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The Skinny By Elaine Langlois

 

Your Medieval Fitness Program

Spring is upon us, which means our days of being able to camouflage our bodies in Polartec are numbered. But even if you swore off the South Beach Diet last November, or ate your way through the holidays with reckless abandon, you can still drop a quick 30 pounds and feel just moderately horrible while doing it with the Medieval Fitness Program.

I discovered this amazing weight management system during a recent vacation in Wales, where I spent ten days visiting castles and lost weight. This despite daily stops in tea shops for scones with clotted cream and strawberry jam, lemony squares dusted with confectioners' sugar, shortbread, and hefty slabs of caramel cake.

We can learn a lot about weight loss from medieval women. In paintings, most of them are very slim. Oh, there are some in voluminous gowns who have clearly overdone the tart and custard thing. But for the most part, these women are lean and lanky. They also have practically no bosoms, but then, you can't have everything, unless you are a Hollywood celebrity.

The Medieval Fitness Program begins with diet. A very popular diet for women in the Middle Ages was Ye Olde Atkins Diet. It called for lots of protein, though in forms that lack appeal for modern tastes, such as pigs' heads, eels, dogfish, and vultures. Or breams and pikes. Sounds like a couple of medieval hockey teams, doesn't it? A steady diet of vultures, however deliciously prepared, could be a pretty good incentive not to overeat.

Another way these women stayed so slender was, they walked around the castle. In fact, there is a part of the castle called the wall walk, and that is what they'd do: walk around the walls, except during attacks, when they could be found in the butteries, mixing molten lead to pour on the besiegers. You are right in thinking that wall walking was where mall walking began. In fact, if you look really carefully at paintings of women from the Middle Ages, you will see, peeping from beneath their gowns, tiny pairs of Reeboks.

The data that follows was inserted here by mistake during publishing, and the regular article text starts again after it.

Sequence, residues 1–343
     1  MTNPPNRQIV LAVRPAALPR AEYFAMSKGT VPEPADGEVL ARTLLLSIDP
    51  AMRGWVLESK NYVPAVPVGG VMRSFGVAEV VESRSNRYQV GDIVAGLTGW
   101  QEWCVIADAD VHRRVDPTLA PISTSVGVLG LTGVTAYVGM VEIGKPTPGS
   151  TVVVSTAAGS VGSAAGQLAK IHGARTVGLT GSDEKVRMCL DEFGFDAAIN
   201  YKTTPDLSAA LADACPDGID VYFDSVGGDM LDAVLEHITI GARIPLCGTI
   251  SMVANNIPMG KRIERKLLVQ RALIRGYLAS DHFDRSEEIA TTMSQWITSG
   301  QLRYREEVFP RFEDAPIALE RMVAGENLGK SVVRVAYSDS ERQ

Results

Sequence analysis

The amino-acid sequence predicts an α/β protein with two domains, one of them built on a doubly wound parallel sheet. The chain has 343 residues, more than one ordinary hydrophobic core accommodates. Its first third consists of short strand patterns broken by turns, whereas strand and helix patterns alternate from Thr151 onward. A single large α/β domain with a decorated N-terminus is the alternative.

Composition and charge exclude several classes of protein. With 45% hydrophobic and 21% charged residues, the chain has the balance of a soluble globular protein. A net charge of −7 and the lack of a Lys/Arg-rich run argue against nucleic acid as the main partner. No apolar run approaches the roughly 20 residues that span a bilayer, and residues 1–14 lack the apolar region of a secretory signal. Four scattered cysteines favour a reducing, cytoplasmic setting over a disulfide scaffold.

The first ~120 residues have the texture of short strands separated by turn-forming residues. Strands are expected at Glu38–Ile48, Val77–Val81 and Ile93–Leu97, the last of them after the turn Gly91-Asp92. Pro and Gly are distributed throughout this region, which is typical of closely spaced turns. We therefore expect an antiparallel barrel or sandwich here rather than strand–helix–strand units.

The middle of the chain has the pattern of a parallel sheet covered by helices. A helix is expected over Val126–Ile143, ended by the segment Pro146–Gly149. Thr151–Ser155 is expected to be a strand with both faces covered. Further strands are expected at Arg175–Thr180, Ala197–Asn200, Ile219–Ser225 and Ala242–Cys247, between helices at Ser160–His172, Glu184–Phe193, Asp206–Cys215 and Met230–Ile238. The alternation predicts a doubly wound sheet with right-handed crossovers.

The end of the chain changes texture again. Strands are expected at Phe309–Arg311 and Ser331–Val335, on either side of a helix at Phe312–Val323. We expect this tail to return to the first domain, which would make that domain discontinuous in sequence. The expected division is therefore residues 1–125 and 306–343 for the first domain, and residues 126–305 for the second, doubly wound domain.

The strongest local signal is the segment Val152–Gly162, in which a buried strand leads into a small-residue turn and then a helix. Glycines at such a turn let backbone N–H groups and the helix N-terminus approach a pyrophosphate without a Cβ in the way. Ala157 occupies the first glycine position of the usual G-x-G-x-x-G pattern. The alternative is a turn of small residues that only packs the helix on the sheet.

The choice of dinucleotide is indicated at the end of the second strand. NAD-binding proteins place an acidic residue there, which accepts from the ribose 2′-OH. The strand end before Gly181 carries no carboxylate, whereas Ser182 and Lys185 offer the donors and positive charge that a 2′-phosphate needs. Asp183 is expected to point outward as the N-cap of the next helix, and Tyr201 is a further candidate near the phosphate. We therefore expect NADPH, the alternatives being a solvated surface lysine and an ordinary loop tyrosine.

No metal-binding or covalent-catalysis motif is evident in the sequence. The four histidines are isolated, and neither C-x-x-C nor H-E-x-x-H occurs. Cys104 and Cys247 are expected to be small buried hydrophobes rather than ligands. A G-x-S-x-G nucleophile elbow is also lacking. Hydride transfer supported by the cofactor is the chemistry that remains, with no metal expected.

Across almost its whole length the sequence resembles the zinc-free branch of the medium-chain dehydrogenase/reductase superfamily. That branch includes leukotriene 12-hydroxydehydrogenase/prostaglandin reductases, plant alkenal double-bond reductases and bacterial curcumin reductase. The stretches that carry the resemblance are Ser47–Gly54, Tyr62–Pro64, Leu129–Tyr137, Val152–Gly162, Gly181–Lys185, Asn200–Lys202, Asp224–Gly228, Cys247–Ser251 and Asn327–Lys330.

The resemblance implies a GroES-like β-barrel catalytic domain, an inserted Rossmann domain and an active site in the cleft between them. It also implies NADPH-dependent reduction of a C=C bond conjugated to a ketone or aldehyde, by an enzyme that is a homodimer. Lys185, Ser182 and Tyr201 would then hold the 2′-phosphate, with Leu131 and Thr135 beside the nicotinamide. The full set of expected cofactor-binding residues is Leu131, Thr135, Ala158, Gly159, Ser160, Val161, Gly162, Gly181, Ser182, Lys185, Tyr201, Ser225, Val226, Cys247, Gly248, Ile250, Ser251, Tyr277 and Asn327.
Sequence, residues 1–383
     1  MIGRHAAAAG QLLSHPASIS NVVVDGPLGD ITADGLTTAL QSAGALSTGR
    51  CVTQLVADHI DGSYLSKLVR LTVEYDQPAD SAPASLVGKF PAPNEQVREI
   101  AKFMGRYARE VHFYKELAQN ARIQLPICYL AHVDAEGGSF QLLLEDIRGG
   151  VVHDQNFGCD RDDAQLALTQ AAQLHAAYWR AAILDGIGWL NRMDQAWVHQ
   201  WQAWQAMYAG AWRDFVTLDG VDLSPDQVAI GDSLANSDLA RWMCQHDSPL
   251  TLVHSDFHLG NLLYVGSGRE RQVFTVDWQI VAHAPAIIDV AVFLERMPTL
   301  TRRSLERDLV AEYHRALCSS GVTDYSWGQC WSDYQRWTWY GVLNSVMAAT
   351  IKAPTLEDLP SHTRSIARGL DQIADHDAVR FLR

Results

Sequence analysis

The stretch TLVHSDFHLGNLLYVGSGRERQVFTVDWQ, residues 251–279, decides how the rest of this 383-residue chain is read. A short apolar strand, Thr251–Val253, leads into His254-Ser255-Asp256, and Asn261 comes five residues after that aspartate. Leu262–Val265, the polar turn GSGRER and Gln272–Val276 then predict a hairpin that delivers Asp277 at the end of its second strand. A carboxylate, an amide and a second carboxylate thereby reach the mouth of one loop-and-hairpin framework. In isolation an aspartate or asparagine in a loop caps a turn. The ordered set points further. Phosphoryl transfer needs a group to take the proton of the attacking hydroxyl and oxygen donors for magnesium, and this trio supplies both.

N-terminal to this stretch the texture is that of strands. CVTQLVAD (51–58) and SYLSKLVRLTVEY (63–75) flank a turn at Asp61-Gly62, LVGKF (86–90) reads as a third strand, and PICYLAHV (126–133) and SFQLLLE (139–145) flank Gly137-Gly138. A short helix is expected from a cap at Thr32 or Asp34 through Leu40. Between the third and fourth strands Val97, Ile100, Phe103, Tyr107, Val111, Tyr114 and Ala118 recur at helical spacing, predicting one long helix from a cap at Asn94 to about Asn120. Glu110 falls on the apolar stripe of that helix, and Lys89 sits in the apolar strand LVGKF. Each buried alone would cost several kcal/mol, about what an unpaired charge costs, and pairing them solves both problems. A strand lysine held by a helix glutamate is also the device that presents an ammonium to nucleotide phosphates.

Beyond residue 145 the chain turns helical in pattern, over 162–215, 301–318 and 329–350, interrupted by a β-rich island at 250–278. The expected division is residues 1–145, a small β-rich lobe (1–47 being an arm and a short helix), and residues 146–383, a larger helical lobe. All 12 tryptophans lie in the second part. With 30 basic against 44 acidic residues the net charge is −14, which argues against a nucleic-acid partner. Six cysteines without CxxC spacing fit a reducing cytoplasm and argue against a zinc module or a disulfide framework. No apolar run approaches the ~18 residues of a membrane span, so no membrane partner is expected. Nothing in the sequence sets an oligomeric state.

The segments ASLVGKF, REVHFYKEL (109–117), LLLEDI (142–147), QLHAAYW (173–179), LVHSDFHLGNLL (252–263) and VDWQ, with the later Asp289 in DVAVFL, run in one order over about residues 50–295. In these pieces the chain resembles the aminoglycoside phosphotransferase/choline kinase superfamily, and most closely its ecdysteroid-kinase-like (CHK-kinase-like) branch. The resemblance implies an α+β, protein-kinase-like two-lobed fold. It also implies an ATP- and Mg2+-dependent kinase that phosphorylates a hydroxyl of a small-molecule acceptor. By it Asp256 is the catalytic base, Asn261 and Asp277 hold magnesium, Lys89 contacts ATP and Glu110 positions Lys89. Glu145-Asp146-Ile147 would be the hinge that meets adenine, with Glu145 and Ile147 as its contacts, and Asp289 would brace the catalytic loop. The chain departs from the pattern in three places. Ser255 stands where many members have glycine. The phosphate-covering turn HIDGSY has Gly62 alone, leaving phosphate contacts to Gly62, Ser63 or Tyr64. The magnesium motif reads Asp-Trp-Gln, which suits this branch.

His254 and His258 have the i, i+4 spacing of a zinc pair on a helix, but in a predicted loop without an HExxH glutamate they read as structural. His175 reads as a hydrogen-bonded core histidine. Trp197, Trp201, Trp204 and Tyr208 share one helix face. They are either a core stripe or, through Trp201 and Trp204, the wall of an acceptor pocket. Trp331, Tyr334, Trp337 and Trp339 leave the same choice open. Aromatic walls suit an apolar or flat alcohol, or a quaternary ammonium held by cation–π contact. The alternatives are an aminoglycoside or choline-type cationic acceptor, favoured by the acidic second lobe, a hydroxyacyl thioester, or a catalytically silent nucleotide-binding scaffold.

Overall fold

An even more important part of the medieval fitness regimen was spiral staircases. Castle builders loved spiral staircases. They tried to build in one staircase for every two inhabitants, plus a garderobe, which I am not going to discuss here.

Kings spent so much money on castles that they had to skimp somewhere, and this was on the stairs. They are made of a loose, crumbly stone that, with great labor, could be crafted into an endless procession of narrow, uneven steps leading from a castle's cellars to the tops of its highest towers. There are something like 11,000 of these steps in every castle. This is probably an exaggeration because I stopped counting at 3,000.

There should be some sort of Olympic event that involves climbing castle staircases. They are poorly lit and lack handrails, though a rope is helpfully provided on one side for hauling yourself up and rappelling down. Along the walls there are places where the rock has been scraped out by generations of people scrabbling desperately for a handhold, which explains why women in the Middle Ages didn't bother with manicures.

With every jaunt around the castle involving a total body workout, you can see why medieval women didn't have to worry about their weight. You can also understand why people lived such short lives. They had heart attacks and expired right there, on a staircase. More people died on spiral staircases than in dungeons or torture chambers.

To avoid having to carry staircase victims down the stairs, and risking cardiac arrest themselves, the other castle inhabitants simply hurled the bodies over the battlements at an attacking army, or chucked them in the moat, where they were nibbled by eels or pikes or breams or Nessie or whatever lived in it, thus becoming part of the Castle Food Chain.

There is one more reason that medieval women were so good at controlling their weight. A lot of the time, they were too mad to eat. In paintings, these women rarely smile. In fact, they look grim, if not downright cranky. That was because society handed them such a rotten deal. They had to be subservient to their lord and master, run the castle almost single-handedly without getting any credit, and wear funny hats. They were second-class citizens in nearly every sense. And a special punishment awaited them in purgatory if they plucked their eyebrows.

Are you ready to shed your excess poundage with the Medieval Fitness Program? It's too easy! Just step up the protein, skip the elevator for the stairs, and take a few moments each day to think about the roles society hands to you.


© 2004 Elaine Langlois